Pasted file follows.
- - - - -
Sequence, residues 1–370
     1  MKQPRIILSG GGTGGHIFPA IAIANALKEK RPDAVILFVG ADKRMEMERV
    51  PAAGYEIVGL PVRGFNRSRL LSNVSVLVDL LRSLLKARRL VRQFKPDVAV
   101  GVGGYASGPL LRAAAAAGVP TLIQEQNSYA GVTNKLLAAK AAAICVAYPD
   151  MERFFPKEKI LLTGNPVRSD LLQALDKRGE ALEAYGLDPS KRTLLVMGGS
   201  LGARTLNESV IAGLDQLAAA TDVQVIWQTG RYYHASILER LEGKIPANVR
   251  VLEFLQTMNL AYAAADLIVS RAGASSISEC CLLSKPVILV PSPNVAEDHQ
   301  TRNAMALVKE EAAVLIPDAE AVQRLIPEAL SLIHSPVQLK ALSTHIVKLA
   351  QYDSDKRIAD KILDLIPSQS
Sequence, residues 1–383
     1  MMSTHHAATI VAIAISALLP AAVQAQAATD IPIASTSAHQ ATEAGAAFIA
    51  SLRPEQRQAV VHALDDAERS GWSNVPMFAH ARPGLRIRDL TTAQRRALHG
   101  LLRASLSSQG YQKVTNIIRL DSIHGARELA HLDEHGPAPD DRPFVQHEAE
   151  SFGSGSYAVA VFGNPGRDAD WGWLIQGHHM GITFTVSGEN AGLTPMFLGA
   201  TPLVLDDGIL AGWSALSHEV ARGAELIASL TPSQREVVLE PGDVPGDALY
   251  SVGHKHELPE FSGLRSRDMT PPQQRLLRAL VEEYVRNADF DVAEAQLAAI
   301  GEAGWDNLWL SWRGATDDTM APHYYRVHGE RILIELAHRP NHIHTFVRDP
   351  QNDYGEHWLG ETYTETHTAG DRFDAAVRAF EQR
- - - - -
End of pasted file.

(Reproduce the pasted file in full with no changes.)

Sequence, residues 1–370
     1  MKQPRIILSG GGTGGHIFPA IAIANALKEK RPDAVILFVG ADKRMEMERV
    51  PAAGYEIVGL PVRGFNRSRL LSNVSVLVDL LRSLLKARRL VRQFKPDVAV
   101  GVGGYASGPL LRAAAAAGVP TLIQEQNSYA GVTNKLLAAK AAAICVAYPD
   151  MERFFPKEKI LLTGNPVRSD LLQALDKRGE ALEAYGLDPS KRTLLVMGGS
   201  LGARTLNESV IAGLDQLAAA TDVQVIWQTG RYYHASILER LEGKIPANVR
   251  VLEFLQTMNL AYAAADLIVS RAGASSISEC CLLSKPVILV PSPNVAEDHQ
   301  TRNAMALVKE EAAVLIPDAE AVQRLIPEAL SLIHSPVQLK ALSTHIVKLA
   351  QYDSDKRIAD KILDLIPSQS
Sequence, residues 1–383
     1  MMSTHHAATI VAIAISALLP AAVQAQAATD IPIASTSAHQ ATEAGAAFIA
    51  SLRPEQRQAV VHALDDAERS GWSNVPMFAH ARPGLRIRDL TTAQRRALHG
   101  LLRASLSSQG YQKVTNIIRL DSIHGARELA HLDEHGPAPD DRPFVQHEAE
   151  SFGSGSYAVA VFGNPGRDAD WGWLIQGHHM GITFTVSGEN AGLTPMFLGA
   201  TPLVLDDGIL AGWSALSHEV ARGAELIASL TPSQREVVLE PGDVPGDALY
   251  SVGHKHELPE FSGLRSRDMT PPQQRLLRAL VEEYVRNADF DVAEAQLAAI
   301  GEAGWDNLWL SWRGATDDTM APHYYRVHGE RILIELAHRP NHIHTFVRDP
   351  QNDYGEHWLG ETYTETHTAG DRFDAAVRAF EQR